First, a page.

The Example Of A Woman Essay Research — страница 3

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Hetells Theodorus that he had delayed his full embrace ofphilosophy for reasons that were less than estimable. Instating the reasons, there is no mention whatsoever of atraumatic experience preceding his conversion. Rather,Augustine refers first to the three classes of peoplewho would be fit for philosophy. He places himself inthe third class, those who, since youth through wastingtheir lives in useless pursuit yearn for a standard,hankering for a homeland they remember only too vaguely.Some return directly or, delayed by some enticements,they wander until they finally make the sailing.Sometimes they even suffer great peril in theirwanderings, like star-gazing (a possible allusion toastrology?), when they ought to be boarding the shipthat would bring them home. However, Augustine

believes that all who endeavorto reach the goal must encounter some obstacles. Andhere he alludes to a huge mountain before the port ofcall as befitting the kind of obstacles that one mightwell confront.> Still the greatest obstacle, andAugustine gets a lot of mileage out of this one, ispride. This emphasis on pride as the greatest obstacleto the Truth and the blessed life anticipates his latercritique of the Platonists as a band of philosophers tooproud to submit themselves to the humility of Christ.>Augustine appeals to Theodorus for an assessment of hisadvancement in philosophy. He expects help too as hesubmits this exercise in Christian dialectic to thephilosophical wit of his friend.> Augustine goes on to recount what had happenedsince his nineteenth birthday. He

refers to howHortensius fired him with love for wisdom (tanto amorephilosphiae succensus sum), his dalliance withastrology, a nine-year tenure with the Manichees, and alater infatuation with Academic skepticism. He mentionshow the sermons of the Bishop (Ambrose) and Theodorus’words helped him to start thinking about God inspiritual terms rather than the crude corporeal image hehad imagined since his boyhood. Then he notes one mainimpediment to his progress, namely, his desire for awife and the love of honor. He makes the interestingadmission that after reading the Platonists andcomparing them with the scriptures he was all but readyto break his chains except for the esteem of certainpeople of repute.> Finally, he adds that he was rescuedfrom his predicament by the onset of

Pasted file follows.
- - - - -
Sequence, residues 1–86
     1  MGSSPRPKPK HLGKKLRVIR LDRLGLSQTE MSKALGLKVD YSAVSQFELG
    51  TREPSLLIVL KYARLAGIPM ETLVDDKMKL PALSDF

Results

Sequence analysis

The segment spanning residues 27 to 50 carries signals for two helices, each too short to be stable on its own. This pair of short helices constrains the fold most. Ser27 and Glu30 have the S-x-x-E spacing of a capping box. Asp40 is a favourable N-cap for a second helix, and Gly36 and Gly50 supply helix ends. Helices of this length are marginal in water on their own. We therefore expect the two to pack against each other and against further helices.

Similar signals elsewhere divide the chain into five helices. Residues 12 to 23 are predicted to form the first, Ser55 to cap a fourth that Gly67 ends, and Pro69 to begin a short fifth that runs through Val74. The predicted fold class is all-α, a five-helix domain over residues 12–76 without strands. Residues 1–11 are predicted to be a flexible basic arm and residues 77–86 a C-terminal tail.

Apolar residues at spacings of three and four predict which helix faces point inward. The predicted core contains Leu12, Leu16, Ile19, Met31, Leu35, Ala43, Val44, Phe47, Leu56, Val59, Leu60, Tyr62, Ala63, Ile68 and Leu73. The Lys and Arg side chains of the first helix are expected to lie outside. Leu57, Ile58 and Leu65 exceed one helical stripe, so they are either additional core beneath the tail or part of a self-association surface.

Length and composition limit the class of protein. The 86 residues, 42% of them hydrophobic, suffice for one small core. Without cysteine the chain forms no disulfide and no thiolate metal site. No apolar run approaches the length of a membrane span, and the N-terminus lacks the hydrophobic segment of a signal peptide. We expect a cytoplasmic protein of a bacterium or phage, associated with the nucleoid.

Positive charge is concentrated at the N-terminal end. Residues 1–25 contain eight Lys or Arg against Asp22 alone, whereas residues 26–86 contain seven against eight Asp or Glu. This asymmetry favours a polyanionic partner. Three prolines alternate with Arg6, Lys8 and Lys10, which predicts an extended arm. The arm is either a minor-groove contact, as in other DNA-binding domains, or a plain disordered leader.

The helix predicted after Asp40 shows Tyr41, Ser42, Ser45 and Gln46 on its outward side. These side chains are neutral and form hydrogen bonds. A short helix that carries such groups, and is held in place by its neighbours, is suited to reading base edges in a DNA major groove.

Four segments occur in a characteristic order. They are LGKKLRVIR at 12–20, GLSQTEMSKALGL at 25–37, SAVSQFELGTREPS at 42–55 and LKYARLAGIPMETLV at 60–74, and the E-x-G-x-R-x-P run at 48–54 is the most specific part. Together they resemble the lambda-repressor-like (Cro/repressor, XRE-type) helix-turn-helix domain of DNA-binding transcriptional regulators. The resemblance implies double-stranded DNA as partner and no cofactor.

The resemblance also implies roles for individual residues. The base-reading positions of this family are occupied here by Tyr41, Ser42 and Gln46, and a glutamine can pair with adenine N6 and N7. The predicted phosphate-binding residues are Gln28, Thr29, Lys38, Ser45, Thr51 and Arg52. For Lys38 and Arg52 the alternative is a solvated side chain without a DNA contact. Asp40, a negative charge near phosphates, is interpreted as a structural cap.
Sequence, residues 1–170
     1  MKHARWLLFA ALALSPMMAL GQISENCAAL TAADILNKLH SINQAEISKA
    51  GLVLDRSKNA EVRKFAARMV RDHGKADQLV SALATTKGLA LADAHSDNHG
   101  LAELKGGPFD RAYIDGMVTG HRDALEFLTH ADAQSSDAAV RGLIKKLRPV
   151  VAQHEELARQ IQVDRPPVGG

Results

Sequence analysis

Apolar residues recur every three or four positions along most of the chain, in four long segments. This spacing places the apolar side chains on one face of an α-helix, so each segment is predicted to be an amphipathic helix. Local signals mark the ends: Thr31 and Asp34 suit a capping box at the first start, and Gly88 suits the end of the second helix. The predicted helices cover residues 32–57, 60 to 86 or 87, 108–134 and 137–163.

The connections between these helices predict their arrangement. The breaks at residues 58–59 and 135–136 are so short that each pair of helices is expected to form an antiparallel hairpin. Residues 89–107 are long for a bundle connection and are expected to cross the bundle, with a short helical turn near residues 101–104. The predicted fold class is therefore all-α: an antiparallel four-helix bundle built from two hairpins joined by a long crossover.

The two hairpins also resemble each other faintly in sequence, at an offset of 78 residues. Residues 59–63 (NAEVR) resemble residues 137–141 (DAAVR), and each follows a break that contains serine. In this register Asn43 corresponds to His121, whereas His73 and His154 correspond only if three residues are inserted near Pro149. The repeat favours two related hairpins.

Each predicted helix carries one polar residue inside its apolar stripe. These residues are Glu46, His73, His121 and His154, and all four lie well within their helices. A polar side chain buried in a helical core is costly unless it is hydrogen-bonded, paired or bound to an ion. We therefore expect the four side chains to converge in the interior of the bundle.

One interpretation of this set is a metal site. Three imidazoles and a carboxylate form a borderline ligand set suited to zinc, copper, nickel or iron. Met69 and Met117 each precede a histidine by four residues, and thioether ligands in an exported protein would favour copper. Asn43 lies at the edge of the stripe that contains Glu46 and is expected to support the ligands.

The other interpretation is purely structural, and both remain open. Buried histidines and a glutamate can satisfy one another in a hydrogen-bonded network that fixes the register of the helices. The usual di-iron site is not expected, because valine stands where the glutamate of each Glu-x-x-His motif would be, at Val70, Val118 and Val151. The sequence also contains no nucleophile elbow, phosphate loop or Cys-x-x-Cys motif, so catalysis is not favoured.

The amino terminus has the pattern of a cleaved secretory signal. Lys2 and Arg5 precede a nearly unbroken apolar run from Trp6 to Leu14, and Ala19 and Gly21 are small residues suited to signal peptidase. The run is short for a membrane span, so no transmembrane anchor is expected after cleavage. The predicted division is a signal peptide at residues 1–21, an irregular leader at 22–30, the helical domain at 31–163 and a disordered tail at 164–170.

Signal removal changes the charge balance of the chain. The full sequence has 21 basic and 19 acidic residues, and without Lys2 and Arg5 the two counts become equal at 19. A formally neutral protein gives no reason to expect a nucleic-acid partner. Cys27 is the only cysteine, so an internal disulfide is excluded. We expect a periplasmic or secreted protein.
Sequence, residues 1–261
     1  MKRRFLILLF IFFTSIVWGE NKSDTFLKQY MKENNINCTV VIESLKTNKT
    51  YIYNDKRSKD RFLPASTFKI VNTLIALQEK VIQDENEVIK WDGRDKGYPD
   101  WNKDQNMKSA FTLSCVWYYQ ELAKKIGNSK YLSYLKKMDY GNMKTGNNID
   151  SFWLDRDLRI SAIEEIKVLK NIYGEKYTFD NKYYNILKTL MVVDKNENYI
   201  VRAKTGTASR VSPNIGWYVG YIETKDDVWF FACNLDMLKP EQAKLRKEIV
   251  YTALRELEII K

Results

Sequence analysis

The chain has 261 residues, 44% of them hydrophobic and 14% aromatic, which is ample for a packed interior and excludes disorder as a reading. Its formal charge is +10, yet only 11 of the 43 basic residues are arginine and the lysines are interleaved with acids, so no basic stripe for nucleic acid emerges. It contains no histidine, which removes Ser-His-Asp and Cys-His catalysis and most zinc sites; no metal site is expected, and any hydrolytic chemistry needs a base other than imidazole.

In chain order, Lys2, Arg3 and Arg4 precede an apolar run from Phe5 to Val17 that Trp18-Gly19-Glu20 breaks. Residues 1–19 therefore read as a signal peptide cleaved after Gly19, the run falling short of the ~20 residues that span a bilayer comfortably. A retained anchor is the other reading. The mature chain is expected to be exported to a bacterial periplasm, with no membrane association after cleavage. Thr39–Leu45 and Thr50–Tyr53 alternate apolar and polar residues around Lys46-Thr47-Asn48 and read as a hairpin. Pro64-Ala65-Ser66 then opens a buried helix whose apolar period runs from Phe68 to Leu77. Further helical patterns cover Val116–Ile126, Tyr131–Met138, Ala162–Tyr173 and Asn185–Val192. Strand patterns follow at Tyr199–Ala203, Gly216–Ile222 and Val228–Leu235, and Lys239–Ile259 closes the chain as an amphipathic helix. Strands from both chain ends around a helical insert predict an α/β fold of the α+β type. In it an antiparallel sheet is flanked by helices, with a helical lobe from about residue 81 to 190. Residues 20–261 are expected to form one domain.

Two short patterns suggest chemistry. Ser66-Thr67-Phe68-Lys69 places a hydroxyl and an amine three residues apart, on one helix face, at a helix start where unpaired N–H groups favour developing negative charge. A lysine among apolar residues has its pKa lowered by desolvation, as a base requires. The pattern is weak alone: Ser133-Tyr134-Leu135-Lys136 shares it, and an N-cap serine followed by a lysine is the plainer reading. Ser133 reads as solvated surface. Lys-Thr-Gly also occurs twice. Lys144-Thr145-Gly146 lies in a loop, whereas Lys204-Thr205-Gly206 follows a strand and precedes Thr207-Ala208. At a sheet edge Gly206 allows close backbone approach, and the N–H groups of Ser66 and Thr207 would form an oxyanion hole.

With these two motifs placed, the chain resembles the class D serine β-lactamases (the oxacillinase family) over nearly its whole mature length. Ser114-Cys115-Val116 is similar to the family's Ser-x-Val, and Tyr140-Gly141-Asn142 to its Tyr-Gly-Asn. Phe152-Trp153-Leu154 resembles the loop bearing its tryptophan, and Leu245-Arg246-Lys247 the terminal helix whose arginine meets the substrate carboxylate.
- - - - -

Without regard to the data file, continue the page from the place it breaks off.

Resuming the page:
medical problems,chest pains (pectoris dolor), which allowed him to takethe desired rest (optate tranquillitati). Augustine refers to his circumstances atCassiciacum as philosophical leisure. He can chart hiscourse from the time of reading Hortensius in hisnineteenth year through the many turns of his life rightup to Cassiciacum. It is not exactly a straight course,but he believes he has arrived at a point where he candevote himself to philosophy. It appears fromAugustine’s comments here that he was ready to give upboth marriage and honors when he encountered thePlatonists and the scriptures, but held back onlybecause of the possible offense he might cause to somewell-placed individuals in Milan (nisi me nonnullorumhominum existimatio commoueret). But who were thesepeople? And

exactly what influence did they exert on theyoung Augustine that he delayed his turn to a life ofphilosophical leisure? Besides, how is this in any wayrelated to the dramatic experience recounted in Bk. 8 ofthe Confessions? The account in De beata vita does not mention theanxiety that led to Augustine’s visit to Simplicianus(Conf. 8.2.3). That part of Augustine’s experience iselided from De beata vita 1.4, although in outline it isvirtually identical with what Augustine offers inConfessions Bk. 7. The only possible allusion to hisanxieties is the statement that he was hampered in hisdesire for philosophical retreat because of the esteemof certain individuals. But even this is too veiled. An equally veiled outline is to be found at ContraAcademicos 2.2.5. Here too Augustine

speaks of hislonging for philosophical retirement (2.2.4). Herecalled how Romanianus had consoled him when Patriciusdied and how much that friendship had encouraged himtowards the course that he was now pursuing atCassiciacum. Augustine reminds Romanianus that duringthose difficult days he had always insisted that thetruly happy life was one devoted to philosophicalleisure, though he could not see abandoning his careerbecause so many others depended on him. His longing hadnever been assuaged, and was set ablaze when certainbooks came into his hands. He no longer had any interestin honor, fame or the mitigation of this mortalexistence. He sought better things. And the religion ofhis youth began to draw him back to his goal. Thewritings of Paul set him in the direction he had